Michael Faculty’s theory of power relations and to present how helpful Is this concept In understanding family life. Power could generally be viewed as a certain degree of control that some individuals may have over others and it can manifest itself In many different ways. Whether we are aware of It or not, most of us are being subjected to various shapes and forms of power on everyday basis and we usually tend to accept it as a natural occurrence and a fact of life.
So far many Ideologies and theories of power have been developed by various winkers who have made attempts to Introduce different views of what power Is, how it is created and how it works. Below is an example of one such ideology, which was put forward by Michael Faculty, a French philosopher, whose concept of power has become well known and established amongst social scientists. Faculty’s concept of power is not a straightforward notion.
According to Faculty, power is not simply something that is exercised over others, but instead is passing indirectly through the hands of the powerful as well as the powerless.In Faculty’s view, power Is never possessed by one person. People do not have power Implicitly.
It is not a fixed quantity of physical force but instead a stream of energy flowing through all aspects of society. Power does not show itself in any obvious way but seeks to establish order by working on peoples’ actions and beliefs. For Faculty, power Is located neither In human subjects nor In social Institutions but Is diffused throughout society.For Instance, according to Faculty, power of the Institution does not pass from the top down but instead circulates through organizational practices, which provoke certain actions and deny others. In Faculty’s view, compliance is also a complex matter. It depends on Individuals’ willingness to Internalize with the system of beliefs, Ideas, practices or values that they have been presented with. Faculty’s account of power suggests that even though we are not restricted by power in any way and can use our free will to make choices about our actions, we still choose to constrain our behavior because we know what Is expected of us.According to Faculty.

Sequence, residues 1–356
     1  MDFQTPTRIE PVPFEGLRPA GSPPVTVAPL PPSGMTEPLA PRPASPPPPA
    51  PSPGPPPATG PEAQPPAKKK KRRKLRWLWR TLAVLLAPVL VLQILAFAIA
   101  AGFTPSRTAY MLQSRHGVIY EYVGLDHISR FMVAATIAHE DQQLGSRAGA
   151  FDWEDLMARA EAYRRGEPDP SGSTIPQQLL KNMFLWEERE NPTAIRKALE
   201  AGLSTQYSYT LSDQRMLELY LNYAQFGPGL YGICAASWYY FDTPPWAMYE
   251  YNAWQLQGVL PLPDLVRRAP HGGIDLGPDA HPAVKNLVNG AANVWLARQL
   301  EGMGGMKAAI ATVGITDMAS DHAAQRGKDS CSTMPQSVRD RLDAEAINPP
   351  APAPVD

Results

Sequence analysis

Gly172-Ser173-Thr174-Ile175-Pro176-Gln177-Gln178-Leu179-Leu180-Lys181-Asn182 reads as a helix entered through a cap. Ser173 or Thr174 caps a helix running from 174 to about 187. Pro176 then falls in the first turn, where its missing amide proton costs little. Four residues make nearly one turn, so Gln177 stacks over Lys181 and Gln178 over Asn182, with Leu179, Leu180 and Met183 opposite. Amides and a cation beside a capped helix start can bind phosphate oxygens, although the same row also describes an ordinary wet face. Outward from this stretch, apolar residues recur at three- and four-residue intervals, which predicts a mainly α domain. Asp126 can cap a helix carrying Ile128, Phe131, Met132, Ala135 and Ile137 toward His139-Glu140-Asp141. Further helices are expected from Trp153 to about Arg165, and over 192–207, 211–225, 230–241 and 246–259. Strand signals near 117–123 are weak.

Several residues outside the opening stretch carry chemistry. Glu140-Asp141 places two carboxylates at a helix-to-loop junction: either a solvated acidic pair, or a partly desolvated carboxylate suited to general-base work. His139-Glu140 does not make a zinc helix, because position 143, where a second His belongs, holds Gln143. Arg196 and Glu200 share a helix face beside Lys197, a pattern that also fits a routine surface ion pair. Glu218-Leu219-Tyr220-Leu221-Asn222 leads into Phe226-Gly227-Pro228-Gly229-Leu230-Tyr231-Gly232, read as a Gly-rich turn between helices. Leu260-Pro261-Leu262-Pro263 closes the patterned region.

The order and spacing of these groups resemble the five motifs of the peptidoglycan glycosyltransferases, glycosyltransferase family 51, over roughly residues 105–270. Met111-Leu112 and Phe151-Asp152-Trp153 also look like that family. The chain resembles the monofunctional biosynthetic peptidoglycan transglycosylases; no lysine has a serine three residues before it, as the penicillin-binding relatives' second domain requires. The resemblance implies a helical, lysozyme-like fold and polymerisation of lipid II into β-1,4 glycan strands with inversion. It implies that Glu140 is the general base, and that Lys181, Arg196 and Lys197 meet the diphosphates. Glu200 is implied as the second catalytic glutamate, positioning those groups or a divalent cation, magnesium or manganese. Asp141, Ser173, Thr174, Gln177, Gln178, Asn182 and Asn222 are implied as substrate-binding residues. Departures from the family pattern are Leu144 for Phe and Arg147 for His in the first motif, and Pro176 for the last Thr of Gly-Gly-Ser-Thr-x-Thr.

Those unstated presumptions and expectations ensure compliance. A good illustration of this could be a family household, where ideas of hat is and is not appropriate, rule our daily lives. The family is one of the smallest and most intimate social institutions, which in the post-war period had been perceived as a predictable, fixed and stable establishment and which has been subjected to many significant changes and uncertainties since then.In the post-war period, the idea of a nuclear family, which consisted of wife, husband and dependent children, was ordering the “healthy” society (G. Hughes, Ordering Lives).
Expectations of family life back In those days were that marriages were for life, fathers and cabanas were the breadwinners responsible for looking after their partners and children, and women’s place was in the home caring for children and households. OFF n parents were seen as contributing to Tamely Tie, out essentially tenet roles Ana contributions were seen as different. Men were perceived as the head of households and having the greatest authority and power, whereas women and children were seen as dependent on men and having considerably less influence and control over the family life. The major changes over the post-war period are associated with new different arrangements, which are now possible.The institution of marriage is no longer perceived as fixed and permanent but rather as flexible and changing and the expectations of the parental roles have also been modified and such changes, in Faculty’s view, are possible thanks to the circulation of power. Faculty’s concept of power relations is one of many and it would undoubtedly be a mistake to claim that this account is better than others. However, one truth about his theory can certainly be stated – his approach has offered us a valuable insight and a fascinating perspective from which to view the phenomenon of power.